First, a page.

Health care is managed by insurance entities and managed care organizations by the terms and conditions used to pay providers. There are certain elements necessary for managed care to work. One of the elements is a common language of services provided. A classification system is used to allow for uniform accounting and billing.
For example, Diagnosis Related Groups ("DRG’s) was implemented by the U.S. federal government in the early 1980's as a payment tool for hospitalized Medicare patients. This Medicare inpatient prospective payment system ("PPS") was developed to be useful for managerial purposes and takes into account the following:
1. Class definitions based on information routinely collected on hospital abstracts
2. Manageable number of classes
3. Similar patterns of resource intensity within a given class
4. Similar types of patients in a given class from a clinical perspective.
The success of the inpatient PPS and the rise in ambulatory services has prompted the federal government and payers, clinicians and health services researchers to look to an outpatient equivalent to inpatient PPS. This would be a system to accurately measure resource consumption and quality of care for ambulatory care services. The most important hurdle managed care systems face in both pricing and quality of care decisions is the development of an effective case mix adjustment of the capitation rate for managed care enrollees. The inadequacy of the tools currently used to adjust these rates is a fundamental stumbling block to enable MCO’s and physicians to confidently compare and contrast the quality of care and cost of service rendered.
Accurate understanding of resource consumption and clinical coherence are two keys to developing a valid ambulatory classification for payment. The massive variation of outpatient services and the complexity of such services is a fundamental challenge to making a reliable and valid Ambulatory Case Mix System ("ACMS"). This also requires that different classes statistically reflect differences in resource consumption.
The two main obstacles to creating an ACMS are: the complexity of ambulatory encounters and problems inherent in current coding systems. In comparison, the content of inpatient care is much more easily measured because there is clearly beginning and end points for inpatient care that occur within a hospital setting. In an ambulatory setting, there is constant interplay between physicians’ office, home or other location and there is as issue of pinpointing what defines a "new" ambulatory care patient. Several of the visit-based systems use "new" vs. "Old" patients as a classifying variable. This variable assumes that a "new" patient" consumes a different quantity of resources that an "old" patient. This "newness" classification as a reasonable predictor of resource consumption becomes suspect because on further examination it may be a superficial standard that does not clearly or reliably specify doctor-patient encounter.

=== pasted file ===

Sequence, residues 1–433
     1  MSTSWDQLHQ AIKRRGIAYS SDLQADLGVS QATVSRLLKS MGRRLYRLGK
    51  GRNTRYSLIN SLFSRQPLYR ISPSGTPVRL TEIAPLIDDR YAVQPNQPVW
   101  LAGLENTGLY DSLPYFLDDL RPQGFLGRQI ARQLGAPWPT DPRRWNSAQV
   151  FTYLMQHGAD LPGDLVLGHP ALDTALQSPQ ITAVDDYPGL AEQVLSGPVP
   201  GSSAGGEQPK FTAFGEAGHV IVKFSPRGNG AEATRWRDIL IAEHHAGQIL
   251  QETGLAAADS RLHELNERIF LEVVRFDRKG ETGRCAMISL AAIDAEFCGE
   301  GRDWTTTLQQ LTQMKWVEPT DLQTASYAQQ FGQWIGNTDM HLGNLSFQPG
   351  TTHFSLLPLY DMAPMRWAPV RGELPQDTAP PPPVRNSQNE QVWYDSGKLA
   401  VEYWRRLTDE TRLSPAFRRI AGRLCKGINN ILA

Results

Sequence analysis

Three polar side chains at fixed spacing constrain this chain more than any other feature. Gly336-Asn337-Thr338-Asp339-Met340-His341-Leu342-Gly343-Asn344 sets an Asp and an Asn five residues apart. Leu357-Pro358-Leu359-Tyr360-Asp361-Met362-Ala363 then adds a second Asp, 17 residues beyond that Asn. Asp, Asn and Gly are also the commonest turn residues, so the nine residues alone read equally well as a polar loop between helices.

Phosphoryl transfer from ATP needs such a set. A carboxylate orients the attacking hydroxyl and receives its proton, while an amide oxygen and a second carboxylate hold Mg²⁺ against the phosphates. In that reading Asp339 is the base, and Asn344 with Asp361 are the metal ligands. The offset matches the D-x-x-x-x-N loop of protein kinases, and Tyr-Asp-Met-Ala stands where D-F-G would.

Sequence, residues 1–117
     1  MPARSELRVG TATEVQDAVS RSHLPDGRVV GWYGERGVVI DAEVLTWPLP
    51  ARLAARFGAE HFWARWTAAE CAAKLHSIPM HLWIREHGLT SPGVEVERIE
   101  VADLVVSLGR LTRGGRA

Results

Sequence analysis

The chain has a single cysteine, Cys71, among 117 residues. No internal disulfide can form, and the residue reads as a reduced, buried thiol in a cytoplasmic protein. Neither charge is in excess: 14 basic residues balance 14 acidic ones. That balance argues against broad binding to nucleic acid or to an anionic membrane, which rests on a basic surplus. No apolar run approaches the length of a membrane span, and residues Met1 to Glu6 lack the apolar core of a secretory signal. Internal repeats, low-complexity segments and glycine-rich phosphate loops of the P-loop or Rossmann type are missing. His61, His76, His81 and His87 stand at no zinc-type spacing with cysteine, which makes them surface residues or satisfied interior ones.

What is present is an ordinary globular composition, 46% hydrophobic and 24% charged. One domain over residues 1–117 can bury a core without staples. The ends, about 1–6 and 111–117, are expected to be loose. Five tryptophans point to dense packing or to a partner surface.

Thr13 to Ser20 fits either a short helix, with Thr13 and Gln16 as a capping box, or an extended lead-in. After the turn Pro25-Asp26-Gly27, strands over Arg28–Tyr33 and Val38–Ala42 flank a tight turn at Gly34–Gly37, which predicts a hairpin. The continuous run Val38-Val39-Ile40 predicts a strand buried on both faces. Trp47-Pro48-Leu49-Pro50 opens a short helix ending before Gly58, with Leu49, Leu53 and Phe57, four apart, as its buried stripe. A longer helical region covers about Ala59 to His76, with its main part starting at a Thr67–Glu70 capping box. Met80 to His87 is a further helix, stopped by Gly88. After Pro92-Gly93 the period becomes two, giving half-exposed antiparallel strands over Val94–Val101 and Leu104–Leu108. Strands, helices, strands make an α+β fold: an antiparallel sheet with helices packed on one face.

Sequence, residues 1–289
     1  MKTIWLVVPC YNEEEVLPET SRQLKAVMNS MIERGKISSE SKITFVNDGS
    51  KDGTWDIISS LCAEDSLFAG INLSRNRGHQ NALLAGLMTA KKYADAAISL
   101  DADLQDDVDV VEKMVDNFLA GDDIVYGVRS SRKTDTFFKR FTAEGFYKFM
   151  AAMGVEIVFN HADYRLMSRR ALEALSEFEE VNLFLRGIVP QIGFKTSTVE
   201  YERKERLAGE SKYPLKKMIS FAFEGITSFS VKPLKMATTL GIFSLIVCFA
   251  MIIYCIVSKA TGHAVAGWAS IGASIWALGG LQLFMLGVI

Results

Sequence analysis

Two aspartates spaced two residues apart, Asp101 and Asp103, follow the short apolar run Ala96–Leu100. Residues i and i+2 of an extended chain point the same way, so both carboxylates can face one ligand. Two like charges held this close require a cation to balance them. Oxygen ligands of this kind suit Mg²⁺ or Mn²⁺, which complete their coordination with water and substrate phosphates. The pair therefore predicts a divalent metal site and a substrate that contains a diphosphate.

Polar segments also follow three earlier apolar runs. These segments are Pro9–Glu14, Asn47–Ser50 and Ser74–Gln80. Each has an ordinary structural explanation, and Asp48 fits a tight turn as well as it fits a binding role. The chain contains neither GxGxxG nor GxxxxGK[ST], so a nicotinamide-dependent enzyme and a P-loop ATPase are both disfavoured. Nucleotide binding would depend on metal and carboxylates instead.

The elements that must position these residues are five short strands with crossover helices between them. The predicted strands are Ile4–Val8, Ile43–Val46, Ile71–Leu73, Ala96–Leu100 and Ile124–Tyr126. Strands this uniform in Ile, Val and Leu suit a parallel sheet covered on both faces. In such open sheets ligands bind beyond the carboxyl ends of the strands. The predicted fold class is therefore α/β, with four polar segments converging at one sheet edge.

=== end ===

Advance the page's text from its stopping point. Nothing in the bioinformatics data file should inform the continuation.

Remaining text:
Accordingly, ambulatory encounters are difficult to classify. Some of the reasons for this difficulty include: deficiencies in clinical knowledge, varied patient responses to the same poorly understood clinical condition, different settings from which the patient can choose to obtain ambulatory services, minimal coordination of the varied services that patients may obtain (though, the rendering for a total "continuum of care" is currently progressing with the development of integrated delivery systems), difficulty in defining a "new" ambulatory patient, facility-specific variables such as queuing (time in line for appointments), and inadequacy of coding systems for describing ambulatory services.
Two coding systems commonly used in the United States: International Classification of Disease, 9th Edition, United States version ("ICD-9-CM") primarily for inpatient care and Current Procedures and Terminology -4 (CPT-4) primarily for office-based and procedures oriented care.
Pay For Performance Alert:
Is it used as camouflage for cost containment or can it be measured like preventive care and improves patient care
This year (2004) Medicare imposed for the first time a pay for performance requirement on the nation's hospitals giving them a full inflationary increase in reimbursement it they submit certain data measuring quality of care. The AMA at its annual meeting warns doctors that this concept will be applied to doctors as well in the near future as employers and insurers attempt to reign in health care costs to slow spending. Physicians say they support the initiatives that can be measured such as preventive care where for example doctors earn bonuses if higher numbers of their patients were screened for colon or breast cancer and patient improvement could be measured but doctors fear pay for performance initiatives that merely reward doctors if they keep practice expenses down in ways that shortchange patient care in which pay for performance is really used as camouflage for cost containment. (Chicago Tribune, section 3,page 3, 12-8-04)Back to top Next topic for Class 2